Film

The Delicious and Campy Queer Cinema of 1970s and ’80s Germany

The Quad Cinema in New York City is showing Queer Kino, a selection of queer cinema from East and West Germany in the 1970s and ’80s

Coming Out (Heiner Carow, 1975) (all photos courtesy of Quad Cinema)

This week, the Quad Cinema is showing Queer Kino, German queer cinema from the 1970s and ’80s. These delicious, campy critiques of good taste, bourgeois society, and the restraints of middle-class life come at a crucial moment. What does it mean to assimilate marginal groups into popular culture? How can camp serve us today? Is it possible to live in the perimeters of society and be respected by culture at large but not devoured by it?

Coming Out (Heiner Carow, 1975)

Beyond a story as such (as the title suggests), this is a sensitive portrait of refusal — refusal of otherness by a predominantly white heteronormative society; refusal of the state’s normalizing, shame-making rumor machine by the intergenerational underground queer male community in East Germany. “Don’t we all have a right to live as nature intended?” the main character, Phillip, says at one point to his mother. Everyday scenes abound, as the film questions the commonplace by imbuing it with shame and positing alternative models of mentoring by queer elders. The last production by DEFA, an East German State-run film studio in 1989, just before the fall of the Berlin Wall, Coming Out possesses an acutely politicized tenderness between queer men, perhaps subtly suggesting that the possibility of different futures (even a future Germany) has far greater potential in homosexual relationships than it does in the hands of the film’s clumsy, rule-abiding heterosexuals.

Madame X: The Absolute Ruler (Ulrike Ottinger and Tabea Blumenschein, 1977)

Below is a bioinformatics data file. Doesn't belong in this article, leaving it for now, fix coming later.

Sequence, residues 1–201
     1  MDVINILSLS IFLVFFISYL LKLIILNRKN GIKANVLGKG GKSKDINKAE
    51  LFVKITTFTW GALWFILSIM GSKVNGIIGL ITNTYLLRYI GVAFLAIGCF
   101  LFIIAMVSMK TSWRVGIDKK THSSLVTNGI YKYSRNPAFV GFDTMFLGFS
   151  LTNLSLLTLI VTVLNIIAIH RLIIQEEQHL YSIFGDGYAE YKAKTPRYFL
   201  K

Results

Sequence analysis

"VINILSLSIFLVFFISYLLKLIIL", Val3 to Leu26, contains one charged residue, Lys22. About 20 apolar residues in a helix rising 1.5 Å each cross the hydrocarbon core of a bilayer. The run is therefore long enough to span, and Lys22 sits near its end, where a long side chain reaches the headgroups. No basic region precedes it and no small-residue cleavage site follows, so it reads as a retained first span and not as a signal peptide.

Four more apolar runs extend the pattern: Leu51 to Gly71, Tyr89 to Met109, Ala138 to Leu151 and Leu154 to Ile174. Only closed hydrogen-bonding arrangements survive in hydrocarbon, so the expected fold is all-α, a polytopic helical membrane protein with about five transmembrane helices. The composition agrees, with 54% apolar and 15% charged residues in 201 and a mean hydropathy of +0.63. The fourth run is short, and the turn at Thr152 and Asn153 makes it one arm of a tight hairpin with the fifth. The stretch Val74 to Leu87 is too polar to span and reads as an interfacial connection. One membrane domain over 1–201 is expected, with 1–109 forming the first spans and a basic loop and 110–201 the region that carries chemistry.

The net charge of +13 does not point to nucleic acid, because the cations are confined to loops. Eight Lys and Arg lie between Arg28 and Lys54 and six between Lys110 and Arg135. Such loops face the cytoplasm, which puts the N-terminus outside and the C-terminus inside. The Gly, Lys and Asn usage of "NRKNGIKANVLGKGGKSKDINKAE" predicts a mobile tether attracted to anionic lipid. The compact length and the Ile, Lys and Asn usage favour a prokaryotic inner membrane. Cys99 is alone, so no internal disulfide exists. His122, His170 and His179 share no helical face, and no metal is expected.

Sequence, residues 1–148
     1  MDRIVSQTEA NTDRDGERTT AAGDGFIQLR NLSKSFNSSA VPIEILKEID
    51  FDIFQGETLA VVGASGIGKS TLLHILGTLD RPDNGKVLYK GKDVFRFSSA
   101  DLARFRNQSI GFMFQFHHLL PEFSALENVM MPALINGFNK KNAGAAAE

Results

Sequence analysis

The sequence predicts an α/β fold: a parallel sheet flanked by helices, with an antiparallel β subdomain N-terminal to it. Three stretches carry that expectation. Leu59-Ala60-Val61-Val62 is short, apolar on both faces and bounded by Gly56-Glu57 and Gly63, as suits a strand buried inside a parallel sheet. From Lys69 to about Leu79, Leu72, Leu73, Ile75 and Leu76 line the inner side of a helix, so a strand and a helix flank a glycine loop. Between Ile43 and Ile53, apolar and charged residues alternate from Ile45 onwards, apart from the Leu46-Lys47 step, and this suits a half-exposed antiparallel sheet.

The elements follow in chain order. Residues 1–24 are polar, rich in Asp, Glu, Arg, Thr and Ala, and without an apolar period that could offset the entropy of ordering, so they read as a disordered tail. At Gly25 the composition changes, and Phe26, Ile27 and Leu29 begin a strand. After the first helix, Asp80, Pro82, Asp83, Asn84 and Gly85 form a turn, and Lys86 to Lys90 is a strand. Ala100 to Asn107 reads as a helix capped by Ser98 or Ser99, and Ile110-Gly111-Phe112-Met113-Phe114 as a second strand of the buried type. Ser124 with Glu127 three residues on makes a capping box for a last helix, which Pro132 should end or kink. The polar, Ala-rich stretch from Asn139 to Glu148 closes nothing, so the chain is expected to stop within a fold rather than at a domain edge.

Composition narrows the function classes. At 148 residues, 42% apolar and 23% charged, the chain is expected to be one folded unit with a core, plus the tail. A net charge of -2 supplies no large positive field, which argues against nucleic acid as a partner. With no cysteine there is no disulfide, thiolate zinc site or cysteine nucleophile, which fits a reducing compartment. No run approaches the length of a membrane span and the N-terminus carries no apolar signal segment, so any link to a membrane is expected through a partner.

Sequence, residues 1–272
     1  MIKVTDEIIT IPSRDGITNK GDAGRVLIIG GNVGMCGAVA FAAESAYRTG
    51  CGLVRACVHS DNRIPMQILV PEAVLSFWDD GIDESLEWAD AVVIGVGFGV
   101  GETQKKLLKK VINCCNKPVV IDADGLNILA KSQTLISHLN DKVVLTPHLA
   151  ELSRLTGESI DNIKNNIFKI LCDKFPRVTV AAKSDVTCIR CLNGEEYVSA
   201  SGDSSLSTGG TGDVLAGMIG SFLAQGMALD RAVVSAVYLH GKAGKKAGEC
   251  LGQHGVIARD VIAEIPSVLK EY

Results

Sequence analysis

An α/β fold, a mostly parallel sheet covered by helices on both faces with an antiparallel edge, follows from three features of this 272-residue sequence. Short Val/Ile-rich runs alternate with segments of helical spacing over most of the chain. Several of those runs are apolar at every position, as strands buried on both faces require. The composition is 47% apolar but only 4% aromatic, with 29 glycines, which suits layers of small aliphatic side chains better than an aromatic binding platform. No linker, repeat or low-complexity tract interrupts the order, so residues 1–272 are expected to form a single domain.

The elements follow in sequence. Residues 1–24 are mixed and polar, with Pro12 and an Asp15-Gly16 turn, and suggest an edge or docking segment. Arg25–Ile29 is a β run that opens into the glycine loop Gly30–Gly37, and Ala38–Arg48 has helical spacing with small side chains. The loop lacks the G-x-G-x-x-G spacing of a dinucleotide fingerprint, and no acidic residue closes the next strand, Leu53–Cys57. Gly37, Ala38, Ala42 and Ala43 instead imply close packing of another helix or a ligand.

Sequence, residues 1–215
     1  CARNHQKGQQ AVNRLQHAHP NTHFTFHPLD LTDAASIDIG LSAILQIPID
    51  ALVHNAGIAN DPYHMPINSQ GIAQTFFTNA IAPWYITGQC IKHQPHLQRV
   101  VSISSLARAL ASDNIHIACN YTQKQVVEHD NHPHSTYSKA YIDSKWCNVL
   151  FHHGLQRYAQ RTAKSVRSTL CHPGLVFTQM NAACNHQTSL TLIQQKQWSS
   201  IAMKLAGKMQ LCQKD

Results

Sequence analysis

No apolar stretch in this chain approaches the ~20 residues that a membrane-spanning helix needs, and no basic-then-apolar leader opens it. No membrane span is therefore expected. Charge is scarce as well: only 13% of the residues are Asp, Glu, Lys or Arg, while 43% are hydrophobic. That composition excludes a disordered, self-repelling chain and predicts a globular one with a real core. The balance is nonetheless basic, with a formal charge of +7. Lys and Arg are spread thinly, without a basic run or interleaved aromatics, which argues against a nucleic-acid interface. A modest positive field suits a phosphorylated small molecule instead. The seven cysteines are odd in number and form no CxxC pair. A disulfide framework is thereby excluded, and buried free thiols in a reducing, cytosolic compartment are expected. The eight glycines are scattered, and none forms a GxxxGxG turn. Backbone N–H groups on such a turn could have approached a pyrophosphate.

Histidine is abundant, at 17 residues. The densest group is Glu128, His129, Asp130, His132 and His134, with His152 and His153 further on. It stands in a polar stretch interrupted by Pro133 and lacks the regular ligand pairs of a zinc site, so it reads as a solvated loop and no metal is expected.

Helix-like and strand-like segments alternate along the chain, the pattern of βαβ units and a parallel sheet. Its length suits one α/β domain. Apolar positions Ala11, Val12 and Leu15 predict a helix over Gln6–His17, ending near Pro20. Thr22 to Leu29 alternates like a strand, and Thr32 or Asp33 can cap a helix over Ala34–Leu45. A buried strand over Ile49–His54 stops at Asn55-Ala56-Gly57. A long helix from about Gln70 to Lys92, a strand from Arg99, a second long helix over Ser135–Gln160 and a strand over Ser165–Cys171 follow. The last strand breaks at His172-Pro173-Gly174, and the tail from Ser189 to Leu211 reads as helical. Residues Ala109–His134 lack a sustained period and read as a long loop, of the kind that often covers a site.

Madame X: The Absolute Ruler (Ulrike Ottinger and Tabea Blumenschein, 1977)

Among the women who’ve been summoned by Madame X to escape the “corset of civilization” is a roller-skating artist who’s “bored to death by her surrounding academic culture.” Rolling away down an open highway, she bumps into a man in a car who pulls over and conveniently hands her a microphone, giving her a platform to express her dissatisfaction “I wish to escape from a crystallized identity, from a canny maturity that tells me to make the right moves at the right time.” The exquisite campiness of this moment is only the beginning in this lesbian pirate art film (need I say more?). A forester, an Italian model, a pilot, a housewife from Oberlin, Ohio, a psychoanalyst, a woman named Noa Noa from an unnamed island … these characters all receive the same recruitment message: “Chinese Orlando — stop — gold — stop — love — stop — call Chinese Orlando.” It calls them to join the ranks of Madame X’s all-women pirate ship, absconding from the well-behaved heterosexual society confining them. The rundown, ambling ship is host to the stoic, power-hungry Madame X, for whom the new crew all perform rituals of various sorts — extensive pomp and ceremony involving weapons, extravagant costumes, food, and incredible hats. One can see how this might be an early forerunner to works ranging from Matthew Barney’s Cremaster to A.K. Burns and A.L. Steiner’s Community Action Center.

Brad Davis in Querelle (R.W. Fassbinder, 1982)

Querelle (R.W. Fassbinder, 1982)